The Character of Brutus in Julius Caesar
“Et tu Brute?” Caesar’s simple statement sums up Brutus’ round character in the development of The Tragedy of Julius Caesar. Brutus was thought to represent no threat due to his nobility and his loyalty; however, these qualities are precisely why the story is such a catastrophe. What stemmed from these traits is the last expected outcome. Caesar’s surprise was so immense, he could only mutter these last few words. Brutus’ honorable nobility, his loyal patriotism, and his naïve and idealistic manner define Shakespeare’s tragic hero.
Honor is an underlying foundation of Brutus and can be clearly seen during the play’s dramatic speeches. Brutus himself makes his honor apparent in his orations. After the assassination of Caesar and during the funeral speech, Brutus asks the people of Rome, “Who is here so rude that would not be a Roman? If any, speak; for him I have offended”(act III, sc ii, ln 29-32). This in Brutus proves he is noble as he cares and protects the welfare of the people and Rome as a whole. He is torn between his sense of duty with Rome and his friendship with Caesar. In the end; however, he must rationalize his actions to save face and conform to both sides of his conflict. Furthermore, Brutus tries to prove his nobility to virtually everyone. When Brutus utters his last words, he tells Caesar his intentions, “I killed thee with half so good a will”(act V, sc v, ln 50-51). His honor is always persistent and never fails to prevail at even the most taxing and awkward situation. Brutus considers his honor in every aspect and choice in his life and often rules over his own accord. Accordingly, many people, including his enemies, were very much aware of his honor. When he witnesses Brutus’ dead body at the battleground of Philipi, Antony states he is the “noblest Roman of them all”and “all the conspirators save only he, did that they did in envy of great Caesar; he, only in a general honest…”(act V, sc v, ln 68-71). Brutus’ honor is so strong and visible even his enemies witnessed his astonishing nobility. Antony knows Brutus would only do such an act with true vindication, although the other conspirators, while still noble, would not hold true to the high standard Brutus’ created. Brutus’ nobility was clarified with his speeches and made easily seen due to others awareness of this strong support of his character.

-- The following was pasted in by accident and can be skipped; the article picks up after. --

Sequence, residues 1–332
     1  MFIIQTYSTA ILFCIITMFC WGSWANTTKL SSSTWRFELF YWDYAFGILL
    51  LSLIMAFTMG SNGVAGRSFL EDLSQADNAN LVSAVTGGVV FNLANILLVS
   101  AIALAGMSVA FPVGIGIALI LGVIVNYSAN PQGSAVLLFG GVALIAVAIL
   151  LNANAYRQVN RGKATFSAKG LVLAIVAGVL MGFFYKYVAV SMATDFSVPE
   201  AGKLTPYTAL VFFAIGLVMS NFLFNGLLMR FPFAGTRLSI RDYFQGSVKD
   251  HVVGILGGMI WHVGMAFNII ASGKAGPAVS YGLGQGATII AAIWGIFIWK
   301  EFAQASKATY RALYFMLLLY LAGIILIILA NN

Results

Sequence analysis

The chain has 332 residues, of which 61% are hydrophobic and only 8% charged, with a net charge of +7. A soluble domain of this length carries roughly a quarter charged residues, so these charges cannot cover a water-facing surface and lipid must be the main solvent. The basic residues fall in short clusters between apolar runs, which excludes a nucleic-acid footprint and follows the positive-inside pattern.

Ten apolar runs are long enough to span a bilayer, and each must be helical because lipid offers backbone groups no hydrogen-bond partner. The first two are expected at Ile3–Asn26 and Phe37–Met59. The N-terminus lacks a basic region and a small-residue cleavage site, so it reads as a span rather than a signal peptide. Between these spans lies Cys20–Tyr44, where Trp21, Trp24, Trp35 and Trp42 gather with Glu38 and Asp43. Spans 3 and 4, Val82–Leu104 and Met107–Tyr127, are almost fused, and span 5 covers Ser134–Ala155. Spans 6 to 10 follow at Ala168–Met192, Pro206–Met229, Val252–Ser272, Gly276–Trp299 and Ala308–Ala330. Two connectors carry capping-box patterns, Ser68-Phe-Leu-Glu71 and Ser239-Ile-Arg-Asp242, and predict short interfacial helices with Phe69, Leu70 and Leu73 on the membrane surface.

Also unmistakably obvious is Brutus’ loyal patriotism to his country. Brutus knows his own loyalty and values it above almost anything. Brutus illustrates his great patriotism by comparing it with death, “If it aught toward the general good, Set honor in one eye and death i’th’ other…as I love the name of honor more than I fear death”(act I, sc ii, ln 85,86,89). Brutus values Rome above anything else and would be willing to give his life for the “general good.” Brutus claims he will be loyal to the end, due to...